In-depth reviews

Skoda Rapid review - Interior, design and technology

The Skoda Rapid's conservative exterior wraps an unexciting cabin with no 'surprise and delight' features

Styling often takes a back seat in the pursuit of versatility and that's definitely  the case with the Skoda Rapid.

As with the larger Octavia, the Rapid’s rear end shape comes from its big boot, but unlike a conventional hatchback, the Rapid’s tailgate slopes more gently down to the base of its C-pillars. Despite this bigger hatch opening and long look of the bodywork, the Rapid is actually shorter than most rival hatchbacks, although the Skoda’s overall shape and styling mean this difference isn’t as noticeable when they’re parked side-by-side.

The Rapid conforms to Skoda’s relatively conventional, reserved design, so there aren’t many flourishes to speak of. There are lots of geometric shapes at the front and the Rapid’s main grille and headlights, and lower grille and foglamps, create two strong, wide elements in the front bumper.

Apart from a depression at the bottom of the doors, the crease that connects the headlights to the tail-lamps down the car’s flanks is the Rapid’s only notable detail in profile, while at the rear the C-shaped tail-lights and creases on the bootlid give a little bit more visual interest to what’s an otherwise plain and simple shape.

Although the Rapid pre-dates the firm’s flagship Superb model, Skoda’s value-focused hatchback features a few styling cues similar to the larger, more expensive car inside. The dash top doesn’t drop away towards the sides of the car, remaining almost the same level across the width of the cabin. This accentuates the sense of width and space.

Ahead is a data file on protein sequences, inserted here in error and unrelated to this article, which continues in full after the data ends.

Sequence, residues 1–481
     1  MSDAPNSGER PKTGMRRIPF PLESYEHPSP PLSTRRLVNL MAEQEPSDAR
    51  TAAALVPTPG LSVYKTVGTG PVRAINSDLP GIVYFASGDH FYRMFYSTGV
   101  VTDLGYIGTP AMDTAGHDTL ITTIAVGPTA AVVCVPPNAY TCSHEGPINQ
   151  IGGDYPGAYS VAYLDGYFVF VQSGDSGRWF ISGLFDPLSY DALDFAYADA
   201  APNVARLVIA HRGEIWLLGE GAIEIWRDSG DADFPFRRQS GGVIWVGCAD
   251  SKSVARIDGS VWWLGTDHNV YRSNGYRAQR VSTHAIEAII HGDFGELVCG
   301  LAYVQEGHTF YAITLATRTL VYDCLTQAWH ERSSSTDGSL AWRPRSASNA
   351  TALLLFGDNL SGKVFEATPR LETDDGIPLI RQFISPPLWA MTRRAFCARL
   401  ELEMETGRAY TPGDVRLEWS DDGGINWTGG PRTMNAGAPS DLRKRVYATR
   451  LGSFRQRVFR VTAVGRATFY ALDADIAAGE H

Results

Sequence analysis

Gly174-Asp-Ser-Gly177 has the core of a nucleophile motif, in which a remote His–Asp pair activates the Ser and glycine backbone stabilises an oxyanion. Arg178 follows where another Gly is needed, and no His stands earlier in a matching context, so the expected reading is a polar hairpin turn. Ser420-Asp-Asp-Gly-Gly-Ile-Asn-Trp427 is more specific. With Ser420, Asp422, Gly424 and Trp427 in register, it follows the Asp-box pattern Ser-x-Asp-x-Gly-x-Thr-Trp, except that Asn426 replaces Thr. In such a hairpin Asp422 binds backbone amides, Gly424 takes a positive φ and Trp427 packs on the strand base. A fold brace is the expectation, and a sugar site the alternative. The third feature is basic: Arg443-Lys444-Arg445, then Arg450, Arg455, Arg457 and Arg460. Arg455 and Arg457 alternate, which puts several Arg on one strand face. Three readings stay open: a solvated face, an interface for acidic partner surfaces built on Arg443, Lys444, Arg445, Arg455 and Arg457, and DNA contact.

The drawback is that it feels like there’s a lot of low-rent plastic in prominent areas. However, the slabby centre console constructed of unforgiving material still highlights the Rapid’s budget price.

Sat-nav, stereo and infotainment

The Skoda Rapid has a reasonable infotainemnt system. The 6.5-inch screen looks small in the dashboard, and makes pressing the multitude of buttons to control the sat-nav fiddly, since each icon has to be so small to fit on to the display. At least the graphics are clear, bright and easy to understand, and the sat-nav does comes with live traffic updates. There’s even a button at the side of the screen that shows you any traffic jams in your immediate area.

The buttons along the sides of the display make navigating between different screens easy, and the interface is user-friendly, apart from the small size of the buttons. If you add the SmartLink option (which costs around £150), you can use your smartphone with the screen, enabling Android Auto and Apple CarPlay. You can get extra USB ports in the back with the optional multi-device interface, which costs about £120.

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